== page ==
In medieval Serbia, the rank of the Boyars was equivalent to the rank of the Baron, meaning free warrior, with the rule of the Ottoman Empire after 1450, the Ottoman as well as the Austro-Hungarian terms exchanged the Serbian one. Today, it is a term representing the aristocracy. Boyars 9th - 13th centuries, wielded power through their military support of the Kievan princes. Power and prestige of many of them, soon came to depend almost completely on service to the state, family history of service and, to a lesser extent, land ownership. Boyars of Kievan Rus were visually similar to knights, but after the Mongol invasion. The boyars occupied the highest state offices and, through a council and they received extensive grants of land and, as members of the Boyars Duma, were the major legislators of Kievan Rus. After the Mongol invasion in the 13th century, the boyars from central and southern parts of Kievan Rus were incorporated into Lithuanian, during the 14th and 15th centuries, the boyars of Moscow had considerable influence that continued from the Muscovy period.
However, starting with the reign of Ivan III, the boyars were starting to lose that influence to the tsars in Russia. Because of Ivan III’s expansionist policies, administrative changes were needed in order to ease the burden of governing Muscovy, the face of provincial rule disappeared. What is interesting about the boyars is their implied duties, because boyars were not constitutionally instituted, much of their powers and duties came from agreements signed between princes. Agreements, such as one between Ivan III and Mikhail Borisovich in 1484 showed how allegiances needed to be earned and secured, instead of the grand prince personally overseeing his lands, he had to rely on his lieutenants and close advisors to oversee day-to-day operations
Moldavia is a historical region, and former principality in Eastern Europe, corresponding to the territory between the Eastern Carpathians and the Dniester river. The western half of Moldavia is now part of Romania, the eastern side belongs to the Republic of Moldova, the original and short-lived reference to the region was Bogdania, after Bogdan I, the founding figure of the principality. Dragoș was accompanied by his female hound called Molda, when reached the shores of an unfamiliar river. The dogs name would have given to the river and extended to the country. The old German Molde, meaning open-pit mine the Gothic Mulda meaning dust, dirt, a Slavic etymology, marking the end of one Slavic genitive form, denoting ownership, chiefly of feminine nouns. In several early references, Moldavia is rendered under the composite form Moldo-Wallachia, Ottoman Turkish references to Moldavia included Boğdan Iflak and Boğdan. See names in other languages, the name of the region in other languages include French, German, Hungarian, Russian, Молдавия, Turkish, Boğdan Prensliği, Greek, Μολδαβία.
The inhabitants of Moldova were Christians, archaeological works revealed the remains of a Christian necropolis at Mihălășeni, Botoșani county, from the 5th century. The place of worship, and the tombs had Christian characteristics, the place of worship had a rectangular form with sides of 8 and 7 meters. Similar necropolis and place of worship were found at Nicolina, in Iași The Bolohoveni, the chronicle shows that this land is bordered on the principalities of Halych and Kiev. Archaeological research identified the location of 13th-century fortified settlements in this region, Alexandru V. Boldur identified Voscodavie, Voloscovti, Volcovti and their other towns and villages between the middle course of the rivers Nistru/Dniester and Nipru/Dnieper. The Bolohoveni disappeared from chronicles after their defeat in 1257 by Daniil Romanovichs troops, in the early 13th century, the Brodniks, a possible Slavic–Vlach vassal state of Halych, were present, alongside the Vlachs, in much of the regions territory.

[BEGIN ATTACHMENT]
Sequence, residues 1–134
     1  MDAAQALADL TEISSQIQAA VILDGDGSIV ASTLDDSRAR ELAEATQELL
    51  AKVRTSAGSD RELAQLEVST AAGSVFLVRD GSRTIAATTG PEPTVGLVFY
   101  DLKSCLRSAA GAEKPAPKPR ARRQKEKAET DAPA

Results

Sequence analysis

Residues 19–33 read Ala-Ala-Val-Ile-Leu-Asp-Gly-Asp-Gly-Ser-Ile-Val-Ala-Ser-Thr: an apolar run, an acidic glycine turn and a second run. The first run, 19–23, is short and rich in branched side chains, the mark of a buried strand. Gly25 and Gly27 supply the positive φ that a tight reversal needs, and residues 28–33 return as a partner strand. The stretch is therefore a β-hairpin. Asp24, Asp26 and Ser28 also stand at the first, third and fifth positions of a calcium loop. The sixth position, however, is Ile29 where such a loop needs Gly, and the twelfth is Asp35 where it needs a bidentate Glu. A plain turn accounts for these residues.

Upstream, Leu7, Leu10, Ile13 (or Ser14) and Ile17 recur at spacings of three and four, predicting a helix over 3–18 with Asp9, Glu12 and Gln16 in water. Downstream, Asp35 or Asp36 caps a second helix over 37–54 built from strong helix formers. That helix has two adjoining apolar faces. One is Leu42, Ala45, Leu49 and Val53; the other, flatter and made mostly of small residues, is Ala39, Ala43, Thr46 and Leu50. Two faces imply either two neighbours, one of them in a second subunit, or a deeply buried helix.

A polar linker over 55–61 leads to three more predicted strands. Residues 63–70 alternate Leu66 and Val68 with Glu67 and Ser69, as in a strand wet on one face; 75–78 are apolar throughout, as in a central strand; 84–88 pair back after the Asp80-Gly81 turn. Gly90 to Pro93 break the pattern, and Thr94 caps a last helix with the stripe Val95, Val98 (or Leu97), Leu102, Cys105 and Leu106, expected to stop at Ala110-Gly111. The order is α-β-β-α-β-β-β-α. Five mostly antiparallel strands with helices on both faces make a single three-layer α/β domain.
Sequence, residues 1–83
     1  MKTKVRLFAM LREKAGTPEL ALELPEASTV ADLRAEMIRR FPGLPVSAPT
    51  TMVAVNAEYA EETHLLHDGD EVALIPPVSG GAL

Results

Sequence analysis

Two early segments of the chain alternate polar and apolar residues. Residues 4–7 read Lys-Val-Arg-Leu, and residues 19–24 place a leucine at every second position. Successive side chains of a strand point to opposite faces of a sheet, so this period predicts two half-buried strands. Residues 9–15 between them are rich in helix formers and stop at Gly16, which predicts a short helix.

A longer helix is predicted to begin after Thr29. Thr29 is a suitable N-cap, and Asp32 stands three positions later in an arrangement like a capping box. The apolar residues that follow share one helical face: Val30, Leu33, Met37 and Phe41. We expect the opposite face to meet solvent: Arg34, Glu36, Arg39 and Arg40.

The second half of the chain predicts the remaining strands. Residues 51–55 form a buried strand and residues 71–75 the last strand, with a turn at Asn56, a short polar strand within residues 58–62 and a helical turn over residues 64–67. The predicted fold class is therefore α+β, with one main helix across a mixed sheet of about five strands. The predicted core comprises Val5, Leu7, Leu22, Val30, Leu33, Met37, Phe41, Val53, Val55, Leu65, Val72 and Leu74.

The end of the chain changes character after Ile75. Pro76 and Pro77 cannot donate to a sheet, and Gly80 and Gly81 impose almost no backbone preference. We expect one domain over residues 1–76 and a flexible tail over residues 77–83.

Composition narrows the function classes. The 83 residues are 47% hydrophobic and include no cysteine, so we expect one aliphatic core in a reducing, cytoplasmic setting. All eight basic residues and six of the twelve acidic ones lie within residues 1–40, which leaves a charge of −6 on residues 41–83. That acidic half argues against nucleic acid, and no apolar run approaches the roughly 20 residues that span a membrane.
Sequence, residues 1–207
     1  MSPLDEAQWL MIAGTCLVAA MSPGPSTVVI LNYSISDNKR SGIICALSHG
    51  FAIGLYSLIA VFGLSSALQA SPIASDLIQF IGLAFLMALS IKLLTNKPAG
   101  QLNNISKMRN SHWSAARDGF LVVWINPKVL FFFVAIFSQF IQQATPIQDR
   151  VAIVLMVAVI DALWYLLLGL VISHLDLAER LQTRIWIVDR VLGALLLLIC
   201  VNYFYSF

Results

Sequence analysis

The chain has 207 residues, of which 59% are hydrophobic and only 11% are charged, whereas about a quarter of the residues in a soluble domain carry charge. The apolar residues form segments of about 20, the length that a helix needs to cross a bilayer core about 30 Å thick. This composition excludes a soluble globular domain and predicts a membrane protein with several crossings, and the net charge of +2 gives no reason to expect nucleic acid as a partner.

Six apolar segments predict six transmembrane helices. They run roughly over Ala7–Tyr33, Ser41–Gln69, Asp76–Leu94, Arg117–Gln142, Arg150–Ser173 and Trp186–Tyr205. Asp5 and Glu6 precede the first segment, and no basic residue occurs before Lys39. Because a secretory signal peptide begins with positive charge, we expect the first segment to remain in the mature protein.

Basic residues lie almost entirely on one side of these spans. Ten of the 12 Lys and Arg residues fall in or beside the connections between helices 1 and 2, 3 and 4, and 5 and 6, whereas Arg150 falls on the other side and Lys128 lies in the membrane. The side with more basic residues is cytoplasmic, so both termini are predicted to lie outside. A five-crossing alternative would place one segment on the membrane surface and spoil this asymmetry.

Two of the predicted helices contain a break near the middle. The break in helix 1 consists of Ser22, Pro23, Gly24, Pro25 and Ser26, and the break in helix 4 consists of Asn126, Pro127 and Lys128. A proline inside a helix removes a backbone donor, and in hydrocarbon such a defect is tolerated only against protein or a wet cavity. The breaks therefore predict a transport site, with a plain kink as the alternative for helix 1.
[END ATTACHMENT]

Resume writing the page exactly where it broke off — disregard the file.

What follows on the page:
On the border between Halych and the Brodniks, in the 11th century, a Viking by the name of Rodfos was killed in the area by Vlachs who supposedly betrayed him. In 1164, the future Byzantine Emperor Andronikos I Komnenos, was prisoner by Vlach shepherds around the same region. In 1342 and 1345, the Hungarians were victorious in a battle against Tatar-Mongols, the Polish chronicler Jan Długosz mentioned Moldavians as having joined a military expedition in 1342, under King Władysław I, against the Margraviate of Brandenburg. In 1353, Dragoș, mentioned as a Vlach Knyaz in Maramureș, was sent by Louis I to establish a line of defense against the Golden Horde forces of Mongols on the Siret River and this expedition resulted in a polity vassal to Hungary, centered around Baia. His realm extended north to the Cheremosh River, while the part of Moldavia was still occupied by the Tatar Mongols. After first residing in Baia, Bogdan moved Moldavias seat to Siret, disfavored by the brief union of Angevin Poland and Hungary, Bogdans successor Lațcu accepted conversion to Roman Catholicism around 1370, but his gesture was to remain without consequences
Constantin or Constantine Cantemir was a Moldavian nobleman and statesman who served as voivode between 25 June 1685 and 27 March 1693. He established the Cantemir dynasty which—with interruptions—ruled Moldavia prior to the imposition of phanariot rule, Constantin was born into a Moldavian family of Crimean Tatar origin in 1612. He was created voivode of Moldavia by its Ottoman overlords in 1685, Constantin was a good and conscientious ruler, protecting his people from rapacious tax farmers. He largely brought peace to his realm, but served in campaigns of the Great Turkish War against Poland, under his rule, Moldavia was invaded twice, once by the Nogai Tatars and once by Poland. In 1691, Cantemir ordered Miron Costin, a Moldavian chronicler and man of letters, according to Neculce, Constantin was illiterate to the point of only being able to write his own signature. Nonetheless, he ensured that his sons received a good education, Constantin died in 1693 at the age of 80. His son Demetrius notionally succeeded him but was passed over by the Ottomans in favor of Constantin Duca, who was supported by his father-in-law, Hugh, ed.
Cantemir, Encyclopædia Britannica,5, Cambridge University Press, p.209 Marek, Miroslav